• Cousineau, Jennifer. “Rabbinic Urbanism in London: Rituals and the Material Culture of the Sabbath.” Jewish Social Studies 11.3 (2005): 36–57.

    DOI: 10.2979/JSS.2005.11.3.36Save Citation »Export Citation » Share Citation »

    Sabbath is not merely a “Palace in time,” but also the demarcation of space, as in the case of Eruvin. In this article, Cousineau offers an understanding of the Sabbath from unique urban, spatial, and material perspectives. To do so, she uses ethnographic methods and some historical data on the formation of the Eruv in London. More Eruv items are offered in the extensive Oxford Bibliographies in Jewish Studies article “Eruv” by Charlotte Elisheva Fonrobert.

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  • Dundes, Alan. The Shabbat Elevator and Other Sabbath Subterfuges: An Unorthodox Essay on Circumventing Custom and Jewish Character. Lanham, MD: Rowman & Littlefield, 2002.

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    Folklore research on living with the restricting Sabbath customes and the ingenious ways to circumvent them. Dundes offers that Jews have a complex relationship with their customes, but that their circumventions are not meant to delete the custome but to keep it alive by letting them live their life. Halfway through the book, the elaborated portrait of living the Sabbath is replaced by Dundes’s Freudian theory of the anal-erotic realm of Judaism, which is less convincing, to say the least. The dedication on the first page of the book is exceptional too.

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  • Kahana, Maoz. “The Shabbes Coffeehouse: On the Emergence of the Jewish Coffeehouse in Eighteenth-Century Prague.” Zion 78.1 (2013): 5–50.

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    The Sabbath laws might be strict about what not to do, but it does not mean that rabbinic leaders saw every nonprohibited Sabbath activity as permissible. Kahana brings the story of 18th-century coffeehouses in Prague and, based on the community documentations, constructs the challenges that this modern institution set before the community and its rabbinic leadership. Although it is a small story, it offers food for thought regarding the private and public sphere in modern Sabbath and the distinction between Sabbath rest and Sabbath pleasure, an early instance of the transformation of the Jewish Sabbath from a day of rest into a day of (modernist) recreation.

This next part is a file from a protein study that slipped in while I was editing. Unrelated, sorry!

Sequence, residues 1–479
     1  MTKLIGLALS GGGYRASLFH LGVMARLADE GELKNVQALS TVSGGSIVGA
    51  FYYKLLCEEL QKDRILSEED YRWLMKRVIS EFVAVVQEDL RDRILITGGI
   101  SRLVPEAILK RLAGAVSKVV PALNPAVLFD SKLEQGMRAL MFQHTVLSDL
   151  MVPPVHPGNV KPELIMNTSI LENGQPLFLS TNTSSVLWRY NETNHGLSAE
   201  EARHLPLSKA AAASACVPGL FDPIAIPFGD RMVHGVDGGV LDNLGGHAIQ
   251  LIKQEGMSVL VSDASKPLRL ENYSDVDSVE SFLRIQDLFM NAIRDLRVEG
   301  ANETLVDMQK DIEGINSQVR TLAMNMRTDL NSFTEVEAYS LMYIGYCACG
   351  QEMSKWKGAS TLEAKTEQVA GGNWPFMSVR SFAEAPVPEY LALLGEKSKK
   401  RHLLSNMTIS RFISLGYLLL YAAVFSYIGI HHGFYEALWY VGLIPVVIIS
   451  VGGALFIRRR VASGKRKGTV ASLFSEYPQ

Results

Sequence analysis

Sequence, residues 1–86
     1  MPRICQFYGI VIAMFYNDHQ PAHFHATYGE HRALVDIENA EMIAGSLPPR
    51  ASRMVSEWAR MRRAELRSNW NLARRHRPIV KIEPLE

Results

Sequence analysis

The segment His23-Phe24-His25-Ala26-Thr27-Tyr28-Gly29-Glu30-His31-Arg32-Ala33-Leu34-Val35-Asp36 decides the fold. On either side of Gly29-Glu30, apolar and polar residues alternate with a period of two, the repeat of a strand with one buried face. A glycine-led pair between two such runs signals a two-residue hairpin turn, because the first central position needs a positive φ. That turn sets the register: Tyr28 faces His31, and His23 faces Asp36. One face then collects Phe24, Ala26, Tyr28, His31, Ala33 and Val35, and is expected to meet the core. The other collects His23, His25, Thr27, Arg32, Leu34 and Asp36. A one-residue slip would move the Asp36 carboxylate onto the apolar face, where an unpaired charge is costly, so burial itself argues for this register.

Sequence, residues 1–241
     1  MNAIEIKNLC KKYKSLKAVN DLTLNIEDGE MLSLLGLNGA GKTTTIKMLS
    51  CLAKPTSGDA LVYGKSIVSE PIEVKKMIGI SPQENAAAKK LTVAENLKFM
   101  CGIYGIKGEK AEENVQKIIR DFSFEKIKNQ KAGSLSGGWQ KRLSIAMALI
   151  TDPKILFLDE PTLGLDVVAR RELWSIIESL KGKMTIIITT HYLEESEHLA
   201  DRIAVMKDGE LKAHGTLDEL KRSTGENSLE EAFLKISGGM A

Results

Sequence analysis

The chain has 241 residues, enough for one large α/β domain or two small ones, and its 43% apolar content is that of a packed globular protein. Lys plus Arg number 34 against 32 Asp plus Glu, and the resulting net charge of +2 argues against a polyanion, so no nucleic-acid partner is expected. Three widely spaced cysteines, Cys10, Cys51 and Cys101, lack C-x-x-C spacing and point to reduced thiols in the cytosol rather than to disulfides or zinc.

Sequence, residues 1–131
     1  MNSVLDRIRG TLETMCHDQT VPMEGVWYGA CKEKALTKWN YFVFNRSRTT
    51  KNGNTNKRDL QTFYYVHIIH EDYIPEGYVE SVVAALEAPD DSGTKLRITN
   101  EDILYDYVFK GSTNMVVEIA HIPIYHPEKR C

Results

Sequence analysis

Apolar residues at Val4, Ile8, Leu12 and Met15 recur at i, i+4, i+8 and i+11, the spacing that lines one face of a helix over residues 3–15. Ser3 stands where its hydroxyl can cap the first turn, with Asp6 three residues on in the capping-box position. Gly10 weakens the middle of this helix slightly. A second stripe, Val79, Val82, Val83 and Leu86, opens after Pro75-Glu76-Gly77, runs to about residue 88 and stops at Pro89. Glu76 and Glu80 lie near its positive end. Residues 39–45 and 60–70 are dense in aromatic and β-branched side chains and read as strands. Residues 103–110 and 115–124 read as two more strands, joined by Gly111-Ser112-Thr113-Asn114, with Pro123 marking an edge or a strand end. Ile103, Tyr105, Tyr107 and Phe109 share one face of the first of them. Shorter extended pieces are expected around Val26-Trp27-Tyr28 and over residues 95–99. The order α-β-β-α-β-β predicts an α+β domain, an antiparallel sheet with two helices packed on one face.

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  • Katz, Jacob. The “Shabbes Goy”: A Study in Halakhic Flexibility. Philadelphia: Jewish Publication Society of America, 1989.

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    Between the strict image of Sabbath law and the ever-changing social situations, rabbinic arbitrators had to decide on the right action in their responsa. By rigorous examination of the rabbinic legal use of “Shabbes Goy” from medieval times to early modernity, Katz shows the challenges of Sabbath practices and the flexibility of Halakha in general. He also shows that for many years, Jews’ use of assistance by non-Jews on the Sabbath was not sporadic, but a foundational aspect of the Sabbath. Thus, despite the frequent effect of the Sabbath in separating the Jews, in practice it sometimes created surprising results.

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  • Neuwirth, Yehoshua Y. Shemirath Shabbath: A Guide to the Practical Observance of Sabbath. 4 vols. Jerusalem: Feldheim, 1984.